i guess i have to work more on it when i'm back home at my x64 machine.

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    On x86-64, int is still 32-bit, for compatibility reasons, even though it really should be 64-bit.

    Long would be 32 or 64-bit on 64-bit, and long long 64-bit for sure.

    I don't have Visual Studio on this machine, so I can't run your code.

    You really need to profile it, though. It's entirely possible that it's nothing to do with your code.

    Maybe your SDL on x86-64 is slower for some reason.

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    Registered User Devils Child's Avatar
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    i can't compare if SDL in particular is slower, but i can compare that floats are faster than fixpoints one one computer (x64). and that on the 32 bit computer, fixpoints are faster than floats.

    i asked a friend, he said that my other machine propably has a FPU (floating processing unit) which can process floats faster than i can process fixed ints. can this be true?

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    All processors made in the past 20 years has a FPU.

    Floating point should still be slower than ints.

    i can't compare if SDL in particular is slower, but i can compare that floats are faster than fixpoints one one computer (x64). and that on the 32 bit computer, fixpoints are faster than floats.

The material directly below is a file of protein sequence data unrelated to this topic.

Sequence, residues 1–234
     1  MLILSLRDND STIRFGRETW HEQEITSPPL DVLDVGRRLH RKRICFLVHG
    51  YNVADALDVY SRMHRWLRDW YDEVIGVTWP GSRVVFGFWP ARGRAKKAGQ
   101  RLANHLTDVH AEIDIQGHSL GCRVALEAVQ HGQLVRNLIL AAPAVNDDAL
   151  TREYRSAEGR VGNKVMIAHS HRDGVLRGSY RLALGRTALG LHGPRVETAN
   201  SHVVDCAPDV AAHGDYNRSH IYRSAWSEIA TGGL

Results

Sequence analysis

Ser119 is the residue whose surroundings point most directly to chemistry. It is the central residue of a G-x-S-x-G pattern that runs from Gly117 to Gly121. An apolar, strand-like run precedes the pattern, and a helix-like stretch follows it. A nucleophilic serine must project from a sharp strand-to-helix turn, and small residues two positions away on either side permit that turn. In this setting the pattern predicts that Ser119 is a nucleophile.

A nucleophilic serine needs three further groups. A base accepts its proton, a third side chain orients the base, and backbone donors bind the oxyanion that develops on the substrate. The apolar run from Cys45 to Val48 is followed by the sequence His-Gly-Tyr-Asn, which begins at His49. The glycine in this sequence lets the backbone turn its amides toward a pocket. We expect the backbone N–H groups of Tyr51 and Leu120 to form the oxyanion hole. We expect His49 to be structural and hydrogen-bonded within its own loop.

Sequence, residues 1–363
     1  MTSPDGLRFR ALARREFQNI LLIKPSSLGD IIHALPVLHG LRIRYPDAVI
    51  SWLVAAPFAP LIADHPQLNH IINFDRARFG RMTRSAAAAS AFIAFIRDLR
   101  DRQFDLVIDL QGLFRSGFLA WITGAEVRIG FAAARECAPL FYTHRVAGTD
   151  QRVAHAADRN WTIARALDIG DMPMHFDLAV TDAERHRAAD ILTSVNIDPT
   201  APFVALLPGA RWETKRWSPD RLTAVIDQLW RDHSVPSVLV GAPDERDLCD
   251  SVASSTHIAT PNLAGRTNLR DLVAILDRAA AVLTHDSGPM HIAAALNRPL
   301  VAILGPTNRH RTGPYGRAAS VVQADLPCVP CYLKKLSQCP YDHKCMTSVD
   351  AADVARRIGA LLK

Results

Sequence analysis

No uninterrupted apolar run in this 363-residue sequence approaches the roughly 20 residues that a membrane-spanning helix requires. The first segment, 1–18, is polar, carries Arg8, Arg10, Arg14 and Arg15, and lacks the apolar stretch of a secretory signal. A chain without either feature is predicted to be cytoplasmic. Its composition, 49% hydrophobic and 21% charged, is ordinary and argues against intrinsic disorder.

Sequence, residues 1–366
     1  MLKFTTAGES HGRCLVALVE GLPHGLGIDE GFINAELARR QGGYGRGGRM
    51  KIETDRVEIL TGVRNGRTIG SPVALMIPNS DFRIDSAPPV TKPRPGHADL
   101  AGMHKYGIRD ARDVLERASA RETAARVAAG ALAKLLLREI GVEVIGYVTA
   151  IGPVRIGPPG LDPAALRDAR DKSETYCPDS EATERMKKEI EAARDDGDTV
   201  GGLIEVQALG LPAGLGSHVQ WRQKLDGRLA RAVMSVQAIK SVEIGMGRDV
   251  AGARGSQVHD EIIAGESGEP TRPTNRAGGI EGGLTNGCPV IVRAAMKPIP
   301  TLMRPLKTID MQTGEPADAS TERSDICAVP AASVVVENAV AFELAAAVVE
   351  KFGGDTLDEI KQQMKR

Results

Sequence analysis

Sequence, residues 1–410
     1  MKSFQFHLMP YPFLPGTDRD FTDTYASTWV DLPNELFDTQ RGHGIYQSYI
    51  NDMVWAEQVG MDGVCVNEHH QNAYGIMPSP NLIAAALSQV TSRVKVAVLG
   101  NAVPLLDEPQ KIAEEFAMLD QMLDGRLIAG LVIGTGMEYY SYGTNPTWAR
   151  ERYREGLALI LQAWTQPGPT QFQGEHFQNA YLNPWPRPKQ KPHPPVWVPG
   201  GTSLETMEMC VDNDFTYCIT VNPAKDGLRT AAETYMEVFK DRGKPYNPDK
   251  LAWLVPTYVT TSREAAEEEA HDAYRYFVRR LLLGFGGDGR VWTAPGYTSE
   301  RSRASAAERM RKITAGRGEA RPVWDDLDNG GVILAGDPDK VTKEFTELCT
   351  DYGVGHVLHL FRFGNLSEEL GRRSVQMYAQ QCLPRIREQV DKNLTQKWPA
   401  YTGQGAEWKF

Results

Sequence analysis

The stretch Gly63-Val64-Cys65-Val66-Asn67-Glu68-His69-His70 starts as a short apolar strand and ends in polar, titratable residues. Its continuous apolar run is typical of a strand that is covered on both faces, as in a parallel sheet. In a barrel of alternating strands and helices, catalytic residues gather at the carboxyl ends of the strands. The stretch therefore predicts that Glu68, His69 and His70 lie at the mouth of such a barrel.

Do you have a non-SDL example that shows this?

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    Registered User Devils Child's Avatar
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    yes, i posted the source code, but i will be able to test it on my x64 bit machine in a couple of hours, then i probably get more clear about that.

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    Well, it's not showing that for me. I get equal performance.

    You may want to mark x and y as volatile, so compiler won't optimize them out.

  14. #14
    and the hat of wrongness Salem's Avatar
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    - better FPU

    - better scheduling of instructions. INT and FPU can execute in parallel if you do it right. This can reduce the cost of FP down to zero.

    - worse INT performance if int is 32 bit, as it takes an extra step to chop off the unwanted bits.

    There are very few "guaranteed" performance tweaks. Mostly, it depends on exactly what you're doing.

    The only real tool worth having is a profiler to help you understand what your actual code is actually up to in this actual implementation. Anything you read (especially 20+ year old hacks which get recirculated every so often) should be regarded with increasingly large pinches of salt.
    If you dance barefoot on the broken glass of undefined behaviour, you've got to expect the occasional cut.
    If at first you don't succeed, try writing your phone number on the exam paper.
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    - worse INT performance if int is 32 bit, as it takes an extra step to chop off the unwanted bits.
    That shouldn't be the case on x86-64. The 32-bit registers (EAX, EBX, ECX, EDX) are still there. 64-bit ones are just extensions (RAX, RBX, RCX, RDX), like EAX vs AX vs AL, etc. It can still do 32-bit at full speed.